Human Events Blog

Tom Coburn Goes Large

Senator Tom Coburn (R-OK), a noted adversary of government waste, used to belong to a bipartisan deficit reduction group called the “Gang of Six.”  He quit when the group reached an “impasse” back in May.  Rumor had him considering a return, but instead he decided to forge through that impasse on his own, and today he will release his own deficit-reducing budget package.

Coburn’s plan is more ambitious than anything else on the table at the moment, keeping in mind that absolutely everything on the table comes from Republicans, because the Democrats have not proposed a single concrete budget plan.  The gentleman from Oklahoma is thinking about $9 trillion in deficit reduction over the next 10 years. 

I would once again like to insist that media reports of budget discussions emphasize the time periods involved.  The budget and deficit are always spoken of in annual figures, but deficit reduction is invariably discussed over the course of a decade.  Remember that the future is the undiscovered country, and an as-yet unelected Congress awaits us there.

Since we’re running a $1.6 trillion deficit at the moment, Coburn’s bold plan would reduce the deficit by roughly two-thirds.  We would still add $5 trillion to the national debt by 2020 if nothing else changes, leaving America $19 trillion in the hole.  That’s the wild frontier of fiscal responsibility in Washington today.

Senator Coburn deserves great credit for thinking bigger than anyone else, but to quote Tom Hardy in Inception, “You mustn’t be afraid to dream a little bigger, darling.”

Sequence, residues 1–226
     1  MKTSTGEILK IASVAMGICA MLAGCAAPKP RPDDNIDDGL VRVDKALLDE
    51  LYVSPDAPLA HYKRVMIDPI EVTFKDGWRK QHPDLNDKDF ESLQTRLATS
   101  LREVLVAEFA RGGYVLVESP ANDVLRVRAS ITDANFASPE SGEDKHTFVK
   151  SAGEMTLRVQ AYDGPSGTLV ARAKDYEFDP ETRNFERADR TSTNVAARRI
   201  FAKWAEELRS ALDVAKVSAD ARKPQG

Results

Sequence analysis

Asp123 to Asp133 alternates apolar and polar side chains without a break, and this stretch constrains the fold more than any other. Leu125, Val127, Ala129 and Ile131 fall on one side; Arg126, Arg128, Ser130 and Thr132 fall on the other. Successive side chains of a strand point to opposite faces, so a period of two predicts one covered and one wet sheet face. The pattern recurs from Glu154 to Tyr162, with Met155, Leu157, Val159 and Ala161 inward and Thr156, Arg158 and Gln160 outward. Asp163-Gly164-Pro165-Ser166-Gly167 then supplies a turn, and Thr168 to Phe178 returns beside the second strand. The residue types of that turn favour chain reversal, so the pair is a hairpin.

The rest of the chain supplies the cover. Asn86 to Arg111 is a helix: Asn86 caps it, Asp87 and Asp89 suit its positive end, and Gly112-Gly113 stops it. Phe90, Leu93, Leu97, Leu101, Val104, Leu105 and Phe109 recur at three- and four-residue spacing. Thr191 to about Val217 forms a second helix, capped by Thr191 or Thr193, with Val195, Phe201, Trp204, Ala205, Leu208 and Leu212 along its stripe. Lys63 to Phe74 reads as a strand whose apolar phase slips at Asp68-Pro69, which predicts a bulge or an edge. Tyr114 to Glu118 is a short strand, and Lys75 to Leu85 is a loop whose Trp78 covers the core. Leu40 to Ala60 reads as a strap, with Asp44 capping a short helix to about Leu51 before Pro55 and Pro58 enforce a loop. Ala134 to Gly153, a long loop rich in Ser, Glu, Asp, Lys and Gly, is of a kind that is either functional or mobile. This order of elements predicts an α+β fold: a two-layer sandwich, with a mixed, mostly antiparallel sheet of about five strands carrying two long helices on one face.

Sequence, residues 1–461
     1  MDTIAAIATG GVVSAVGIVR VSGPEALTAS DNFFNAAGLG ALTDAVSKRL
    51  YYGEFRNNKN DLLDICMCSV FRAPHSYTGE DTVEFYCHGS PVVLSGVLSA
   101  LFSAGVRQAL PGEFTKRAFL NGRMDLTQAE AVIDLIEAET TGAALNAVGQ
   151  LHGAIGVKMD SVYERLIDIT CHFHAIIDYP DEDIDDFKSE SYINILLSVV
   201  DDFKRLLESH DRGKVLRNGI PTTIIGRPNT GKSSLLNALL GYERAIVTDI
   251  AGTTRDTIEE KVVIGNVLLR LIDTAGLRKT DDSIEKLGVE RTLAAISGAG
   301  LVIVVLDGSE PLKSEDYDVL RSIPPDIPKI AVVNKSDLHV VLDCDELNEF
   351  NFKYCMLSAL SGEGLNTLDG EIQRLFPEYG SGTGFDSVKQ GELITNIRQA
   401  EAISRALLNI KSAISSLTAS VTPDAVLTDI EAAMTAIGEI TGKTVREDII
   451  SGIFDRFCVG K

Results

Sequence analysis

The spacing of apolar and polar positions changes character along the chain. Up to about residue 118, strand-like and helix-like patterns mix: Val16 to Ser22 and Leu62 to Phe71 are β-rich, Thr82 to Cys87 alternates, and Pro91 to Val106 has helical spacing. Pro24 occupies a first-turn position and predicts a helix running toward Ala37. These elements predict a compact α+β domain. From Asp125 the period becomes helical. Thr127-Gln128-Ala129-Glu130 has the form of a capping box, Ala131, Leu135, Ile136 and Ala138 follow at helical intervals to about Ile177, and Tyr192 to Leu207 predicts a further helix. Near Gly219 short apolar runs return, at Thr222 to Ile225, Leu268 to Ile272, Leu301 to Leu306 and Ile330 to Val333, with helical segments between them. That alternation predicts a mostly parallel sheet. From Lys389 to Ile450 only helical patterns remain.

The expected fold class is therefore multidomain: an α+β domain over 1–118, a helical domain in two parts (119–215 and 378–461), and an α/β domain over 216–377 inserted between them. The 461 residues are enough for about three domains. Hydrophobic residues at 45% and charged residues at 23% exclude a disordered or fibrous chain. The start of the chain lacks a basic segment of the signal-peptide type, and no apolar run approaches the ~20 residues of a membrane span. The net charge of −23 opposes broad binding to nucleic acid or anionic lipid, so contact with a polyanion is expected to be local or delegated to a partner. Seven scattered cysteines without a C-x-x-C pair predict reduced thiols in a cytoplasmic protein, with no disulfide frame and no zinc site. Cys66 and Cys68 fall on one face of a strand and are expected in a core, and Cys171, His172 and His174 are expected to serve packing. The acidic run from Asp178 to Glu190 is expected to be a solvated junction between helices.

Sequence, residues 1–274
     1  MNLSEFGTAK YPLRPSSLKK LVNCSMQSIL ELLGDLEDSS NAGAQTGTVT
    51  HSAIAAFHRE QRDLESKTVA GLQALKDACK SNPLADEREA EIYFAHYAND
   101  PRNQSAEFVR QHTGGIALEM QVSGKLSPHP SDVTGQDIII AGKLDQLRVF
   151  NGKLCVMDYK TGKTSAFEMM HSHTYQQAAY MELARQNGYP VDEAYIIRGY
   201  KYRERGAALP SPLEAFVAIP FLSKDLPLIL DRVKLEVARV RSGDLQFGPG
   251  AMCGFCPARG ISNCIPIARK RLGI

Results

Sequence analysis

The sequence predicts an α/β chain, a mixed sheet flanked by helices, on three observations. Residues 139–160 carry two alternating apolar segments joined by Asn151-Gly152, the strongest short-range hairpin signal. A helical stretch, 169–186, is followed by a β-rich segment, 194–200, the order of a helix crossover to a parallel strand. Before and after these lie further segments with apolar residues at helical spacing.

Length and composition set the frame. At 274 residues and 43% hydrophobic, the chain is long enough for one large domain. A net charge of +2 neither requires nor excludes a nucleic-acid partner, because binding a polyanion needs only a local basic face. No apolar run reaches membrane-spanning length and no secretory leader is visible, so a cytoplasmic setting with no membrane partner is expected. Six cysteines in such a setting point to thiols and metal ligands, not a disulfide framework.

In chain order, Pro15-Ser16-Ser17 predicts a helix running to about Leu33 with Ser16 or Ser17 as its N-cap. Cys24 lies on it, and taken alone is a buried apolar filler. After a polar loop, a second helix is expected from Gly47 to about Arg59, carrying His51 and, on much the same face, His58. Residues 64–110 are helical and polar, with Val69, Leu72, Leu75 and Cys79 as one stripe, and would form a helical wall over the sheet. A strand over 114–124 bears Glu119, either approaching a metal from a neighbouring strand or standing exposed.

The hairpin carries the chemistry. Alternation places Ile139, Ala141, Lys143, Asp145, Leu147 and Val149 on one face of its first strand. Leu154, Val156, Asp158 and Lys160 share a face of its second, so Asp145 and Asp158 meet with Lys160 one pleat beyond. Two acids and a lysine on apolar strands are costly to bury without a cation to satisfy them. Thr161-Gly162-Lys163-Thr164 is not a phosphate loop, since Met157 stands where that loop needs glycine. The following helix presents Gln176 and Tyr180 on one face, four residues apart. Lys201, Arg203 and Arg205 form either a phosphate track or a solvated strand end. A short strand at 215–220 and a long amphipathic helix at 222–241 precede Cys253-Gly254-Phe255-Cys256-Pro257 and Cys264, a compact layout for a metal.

The new Gang of One plan would cut $8 trillion from federal spending, with $1 trillion coming out of the Defense Department.  Much of this would come from surgically excising the kind of waste that Coburn, a medical doctor back in the real world, invests great effort in analyzing.  He calls the Pentagon cuts “difficult but not super hard,” provided we use “common sense.”

If he hasn’t chosen a name for his budget package yet, I would like to suggest “The Difficult But Not Super Hard Common Sense Budget Act of 2011.”  It has a nice ring to it.

The most provocative element of Coburn’s proposal is the trillion dollars he plans to get from tax simplification, which would involve generally lowering tax rates, while eliminating a number of targeted exemptions.  As a general principle, the idea of tax simplification has great appeal.  Some of those targeted deductions are used to control our behavior, while a simpler tax code will impose lower compliance costs on the populace.  Reducing rates overall, while cleaning up the schedule of deductions, is a positive step toward both liberty and economic growth.

Details will be forthcoming at a press conference this afternoon, so we will soon know exactly what kind of tax reduction and simplification Coburn has in mind.  

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